Continue Reading →
0

What Are the Most Common Sexual Side Effects Survivors of Cancer Face, and How Are They Treated? – CURE Magazine

A study out of Sidney Kimmel Cancer Center (SKCC) at Thomas Jefferson University in Philadelphia found that 87% of survivors of breast, pelvic, endometrial, prostate, bladder and rectal cancer said treatment affected their sexual function or desire.

A month after Alegra Woodard received a diagnosis of stage 1 cervical cancer, she underwent a radical hysterectomy, a surgery that removes the uterus, ovaries, fallopian tubes, left and right pelvic nodes, cervix, tissue around the cervix, and the upper part of the vagina. ...

Continue Reading →
0

Cancer Sees Color: Investigating Racial Disparities in Cancer Care – CURE Magazine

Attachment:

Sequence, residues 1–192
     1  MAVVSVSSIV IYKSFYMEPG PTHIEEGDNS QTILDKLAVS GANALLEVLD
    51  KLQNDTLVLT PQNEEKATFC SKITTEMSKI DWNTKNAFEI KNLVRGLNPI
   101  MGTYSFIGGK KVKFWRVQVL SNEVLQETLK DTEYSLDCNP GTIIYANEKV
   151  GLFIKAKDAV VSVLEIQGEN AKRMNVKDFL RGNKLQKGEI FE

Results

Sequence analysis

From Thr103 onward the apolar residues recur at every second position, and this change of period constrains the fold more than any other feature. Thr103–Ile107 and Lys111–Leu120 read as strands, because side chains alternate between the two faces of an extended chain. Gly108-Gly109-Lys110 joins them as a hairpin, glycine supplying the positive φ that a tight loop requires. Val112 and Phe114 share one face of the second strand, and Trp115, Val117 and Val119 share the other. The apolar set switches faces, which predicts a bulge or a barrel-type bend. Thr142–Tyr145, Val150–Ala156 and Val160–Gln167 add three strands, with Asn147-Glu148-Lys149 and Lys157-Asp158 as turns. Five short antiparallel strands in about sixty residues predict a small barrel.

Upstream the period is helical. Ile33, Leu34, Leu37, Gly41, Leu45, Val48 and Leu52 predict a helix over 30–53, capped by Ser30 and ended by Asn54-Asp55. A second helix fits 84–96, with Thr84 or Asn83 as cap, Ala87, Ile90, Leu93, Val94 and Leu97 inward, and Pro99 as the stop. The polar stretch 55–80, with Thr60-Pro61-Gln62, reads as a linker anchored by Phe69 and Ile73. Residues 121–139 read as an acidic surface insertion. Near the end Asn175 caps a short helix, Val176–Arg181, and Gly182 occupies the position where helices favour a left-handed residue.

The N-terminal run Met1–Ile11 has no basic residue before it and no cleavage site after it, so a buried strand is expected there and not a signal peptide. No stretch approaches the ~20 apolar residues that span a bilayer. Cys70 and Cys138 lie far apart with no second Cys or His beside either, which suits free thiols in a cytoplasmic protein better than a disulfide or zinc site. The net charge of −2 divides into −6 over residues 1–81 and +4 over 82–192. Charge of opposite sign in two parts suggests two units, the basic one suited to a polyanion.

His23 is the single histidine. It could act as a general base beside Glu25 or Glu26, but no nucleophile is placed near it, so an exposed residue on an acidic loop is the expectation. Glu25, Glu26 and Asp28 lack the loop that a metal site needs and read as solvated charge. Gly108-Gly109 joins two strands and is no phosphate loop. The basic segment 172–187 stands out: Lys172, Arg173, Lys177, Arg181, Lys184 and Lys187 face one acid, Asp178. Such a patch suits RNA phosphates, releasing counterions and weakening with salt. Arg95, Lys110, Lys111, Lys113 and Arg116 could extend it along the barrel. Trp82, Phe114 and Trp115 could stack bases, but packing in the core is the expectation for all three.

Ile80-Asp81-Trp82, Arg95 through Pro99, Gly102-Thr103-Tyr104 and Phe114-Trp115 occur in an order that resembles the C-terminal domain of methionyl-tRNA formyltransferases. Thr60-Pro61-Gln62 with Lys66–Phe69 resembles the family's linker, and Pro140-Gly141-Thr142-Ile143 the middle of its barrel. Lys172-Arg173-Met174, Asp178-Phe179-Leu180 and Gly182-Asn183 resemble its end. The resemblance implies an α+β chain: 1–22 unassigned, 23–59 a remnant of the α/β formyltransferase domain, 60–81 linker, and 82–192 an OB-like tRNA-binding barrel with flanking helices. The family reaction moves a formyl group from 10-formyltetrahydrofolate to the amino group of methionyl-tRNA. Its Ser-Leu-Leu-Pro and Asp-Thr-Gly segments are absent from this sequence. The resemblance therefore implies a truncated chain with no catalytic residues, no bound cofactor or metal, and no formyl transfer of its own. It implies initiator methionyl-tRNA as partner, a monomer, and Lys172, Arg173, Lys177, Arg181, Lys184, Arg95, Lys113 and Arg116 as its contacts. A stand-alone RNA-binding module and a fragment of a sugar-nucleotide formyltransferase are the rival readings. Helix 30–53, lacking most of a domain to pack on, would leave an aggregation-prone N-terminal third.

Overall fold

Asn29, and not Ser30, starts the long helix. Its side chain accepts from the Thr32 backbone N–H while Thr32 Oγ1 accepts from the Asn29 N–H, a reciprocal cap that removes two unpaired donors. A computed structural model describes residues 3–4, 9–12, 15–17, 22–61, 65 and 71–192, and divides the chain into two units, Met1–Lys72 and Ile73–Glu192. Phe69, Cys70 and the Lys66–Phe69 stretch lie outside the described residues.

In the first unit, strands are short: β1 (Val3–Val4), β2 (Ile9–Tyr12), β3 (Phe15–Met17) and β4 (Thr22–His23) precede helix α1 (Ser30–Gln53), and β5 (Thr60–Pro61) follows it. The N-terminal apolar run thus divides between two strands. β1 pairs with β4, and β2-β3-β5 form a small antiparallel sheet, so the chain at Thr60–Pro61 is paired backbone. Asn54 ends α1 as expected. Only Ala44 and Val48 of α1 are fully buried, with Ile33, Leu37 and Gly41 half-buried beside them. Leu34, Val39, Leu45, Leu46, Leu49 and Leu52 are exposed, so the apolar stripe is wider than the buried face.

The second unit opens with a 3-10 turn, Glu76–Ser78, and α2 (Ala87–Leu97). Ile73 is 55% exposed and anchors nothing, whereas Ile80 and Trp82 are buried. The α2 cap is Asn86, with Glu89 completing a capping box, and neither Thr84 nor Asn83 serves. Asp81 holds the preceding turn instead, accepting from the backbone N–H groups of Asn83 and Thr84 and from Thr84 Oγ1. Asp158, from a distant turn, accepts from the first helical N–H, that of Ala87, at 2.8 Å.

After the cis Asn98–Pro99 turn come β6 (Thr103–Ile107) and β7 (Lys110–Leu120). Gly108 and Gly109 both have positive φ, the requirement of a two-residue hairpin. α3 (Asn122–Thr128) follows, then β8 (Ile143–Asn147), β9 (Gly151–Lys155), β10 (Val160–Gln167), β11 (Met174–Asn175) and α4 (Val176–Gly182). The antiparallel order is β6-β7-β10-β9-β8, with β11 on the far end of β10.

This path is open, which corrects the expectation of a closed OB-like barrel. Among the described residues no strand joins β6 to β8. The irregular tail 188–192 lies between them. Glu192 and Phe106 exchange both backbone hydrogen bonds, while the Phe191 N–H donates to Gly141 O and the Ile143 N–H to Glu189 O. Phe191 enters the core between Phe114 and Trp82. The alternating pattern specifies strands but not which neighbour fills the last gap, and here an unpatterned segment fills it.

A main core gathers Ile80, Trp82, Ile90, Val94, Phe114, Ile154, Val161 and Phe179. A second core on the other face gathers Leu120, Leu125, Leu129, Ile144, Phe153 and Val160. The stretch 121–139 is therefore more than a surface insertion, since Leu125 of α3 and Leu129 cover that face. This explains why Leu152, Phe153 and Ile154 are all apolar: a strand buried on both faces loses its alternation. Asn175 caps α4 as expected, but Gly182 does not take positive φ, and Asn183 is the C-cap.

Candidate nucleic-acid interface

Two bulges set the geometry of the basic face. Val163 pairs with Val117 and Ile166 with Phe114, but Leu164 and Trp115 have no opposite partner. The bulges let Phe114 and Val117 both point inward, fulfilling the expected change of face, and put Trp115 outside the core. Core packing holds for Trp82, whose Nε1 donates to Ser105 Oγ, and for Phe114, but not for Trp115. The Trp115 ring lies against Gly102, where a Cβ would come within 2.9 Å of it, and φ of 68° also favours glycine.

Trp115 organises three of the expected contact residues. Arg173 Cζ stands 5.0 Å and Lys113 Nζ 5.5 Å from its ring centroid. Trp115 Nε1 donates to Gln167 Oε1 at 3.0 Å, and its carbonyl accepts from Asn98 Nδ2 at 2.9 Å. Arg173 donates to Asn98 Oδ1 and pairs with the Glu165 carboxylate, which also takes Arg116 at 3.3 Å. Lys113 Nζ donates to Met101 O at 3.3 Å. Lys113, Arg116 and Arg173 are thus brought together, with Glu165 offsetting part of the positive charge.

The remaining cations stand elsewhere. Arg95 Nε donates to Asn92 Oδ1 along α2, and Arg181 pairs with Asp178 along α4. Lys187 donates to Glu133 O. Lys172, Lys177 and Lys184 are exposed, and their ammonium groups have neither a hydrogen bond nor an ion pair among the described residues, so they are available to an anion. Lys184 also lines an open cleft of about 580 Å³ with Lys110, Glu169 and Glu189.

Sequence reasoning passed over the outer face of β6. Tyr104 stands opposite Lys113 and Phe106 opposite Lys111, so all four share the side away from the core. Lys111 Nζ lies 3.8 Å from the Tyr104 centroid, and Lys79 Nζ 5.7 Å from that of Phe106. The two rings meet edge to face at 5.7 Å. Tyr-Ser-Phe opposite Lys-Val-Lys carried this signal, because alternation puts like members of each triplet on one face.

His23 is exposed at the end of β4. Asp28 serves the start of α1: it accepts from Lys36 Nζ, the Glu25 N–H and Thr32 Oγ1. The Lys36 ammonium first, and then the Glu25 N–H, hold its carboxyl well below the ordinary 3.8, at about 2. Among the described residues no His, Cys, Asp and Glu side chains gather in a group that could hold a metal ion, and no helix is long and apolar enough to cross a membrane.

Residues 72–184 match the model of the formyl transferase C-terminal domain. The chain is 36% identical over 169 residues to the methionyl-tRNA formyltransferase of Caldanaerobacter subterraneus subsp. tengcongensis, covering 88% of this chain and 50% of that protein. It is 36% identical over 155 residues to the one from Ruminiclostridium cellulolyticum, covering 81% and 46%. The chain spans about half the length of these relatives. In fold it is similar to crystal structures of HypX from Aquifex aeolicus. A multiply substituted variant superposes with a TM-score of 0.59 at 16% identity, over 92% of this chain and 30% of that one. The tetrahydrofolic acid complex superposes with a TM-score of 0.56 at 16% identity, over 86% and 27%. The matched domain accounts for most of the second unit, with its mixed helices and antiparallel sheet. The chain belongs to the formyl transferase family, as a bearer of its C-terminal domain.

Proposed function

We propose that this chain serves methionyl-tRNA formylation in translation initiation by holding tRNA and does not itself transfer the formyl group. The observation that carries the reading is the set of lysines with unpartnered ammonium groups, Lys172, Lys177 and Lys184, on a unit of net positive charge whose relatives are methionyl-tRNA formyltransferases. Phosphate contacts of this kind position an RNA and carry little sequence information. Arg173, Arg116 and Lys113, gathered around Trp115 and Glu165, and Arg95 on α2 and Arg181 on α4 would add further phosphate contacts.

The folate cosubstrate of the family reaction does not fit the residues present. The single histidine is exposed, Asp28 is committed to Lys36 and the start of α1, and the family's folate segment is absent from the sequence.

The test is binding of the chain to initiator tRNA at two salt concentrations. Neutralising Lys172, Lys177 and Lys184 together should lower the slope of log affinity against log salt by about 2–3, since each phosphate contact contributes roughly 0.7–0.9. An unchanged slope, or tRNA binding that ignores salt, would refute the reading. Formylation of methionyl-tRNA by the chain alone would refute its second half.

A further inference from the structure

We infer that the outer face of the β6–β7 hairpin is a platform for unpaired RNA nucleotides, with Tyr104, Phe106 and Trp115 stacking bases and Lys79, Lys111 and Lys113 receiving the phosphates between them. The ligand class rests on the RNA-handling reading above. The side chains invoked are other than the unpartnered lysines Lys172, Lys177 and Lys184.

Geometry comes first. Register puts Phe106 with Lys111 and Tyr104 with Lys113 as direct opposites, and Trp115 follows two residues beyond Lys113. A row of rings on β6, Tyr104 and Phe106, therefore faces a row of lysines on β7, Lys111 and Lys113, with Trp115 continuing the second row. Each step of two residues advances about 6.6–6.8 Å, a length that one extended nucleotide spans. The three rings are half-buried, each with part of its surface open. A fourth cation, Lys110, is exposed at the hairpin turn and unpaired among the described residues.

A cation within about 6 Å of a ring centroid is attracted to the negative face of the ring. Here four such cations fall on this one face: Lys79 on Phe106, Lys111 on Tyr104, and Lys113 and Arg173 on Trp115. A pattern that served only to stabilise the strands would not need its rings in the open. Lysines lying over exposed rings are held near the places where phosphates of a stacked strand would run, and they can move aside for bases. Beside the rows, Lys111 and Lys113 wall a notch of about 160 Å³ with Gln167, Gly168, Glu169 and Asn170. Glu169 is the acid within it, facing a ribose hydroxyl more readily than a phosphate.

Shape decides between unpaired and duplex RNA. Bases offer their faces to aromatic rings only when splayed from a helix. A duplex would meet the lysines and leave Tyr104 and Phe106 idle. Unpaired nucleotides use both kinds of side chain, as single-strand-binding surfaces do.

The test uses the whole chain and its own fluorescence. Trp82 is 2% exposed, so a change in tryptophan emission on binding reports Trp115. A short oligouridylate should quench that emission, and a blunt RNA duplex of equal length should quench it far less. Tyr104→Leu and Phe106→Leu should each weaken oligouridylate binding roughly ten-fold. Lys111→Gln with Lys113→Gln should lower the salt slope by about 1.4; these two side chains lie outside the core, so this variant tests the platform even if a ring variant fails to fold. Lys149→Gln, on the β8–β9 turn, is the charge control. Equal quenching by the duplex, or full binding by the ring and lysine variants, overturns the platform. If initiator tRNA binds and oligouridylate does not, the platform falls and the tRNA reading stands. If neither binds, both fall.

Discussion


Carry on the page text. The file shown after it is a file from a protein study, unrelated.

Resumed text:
Black and Latino patients are more likely to receive a diagnosis of and die of cancer than White patients. How can we end this disparity?

Here’s the grim truth of the matter: According to the National Cancer Institute, Black people are more likely to die of most cancers than any other racial group.

Despite improvements in cancer outcomes across the population in recent years, racial disparities remain. Dr. Luis Raez, chief scientific officer and medical director of Memorial Healthcare System’s Memorial Cancer ...

Continue Reading →
0

Active Therapies Keep MS Patients Doing What They Love – The Seattle Times

For many, the diagnosis of multiple sclerosis (MS), a disease of the nervous system that disrupts the flow of information in the brain and the body, means they have to limit their activities. While the cases and symptoms are unpredictable and varied, evidence has shown that exercise and movement slows the progression of the disease.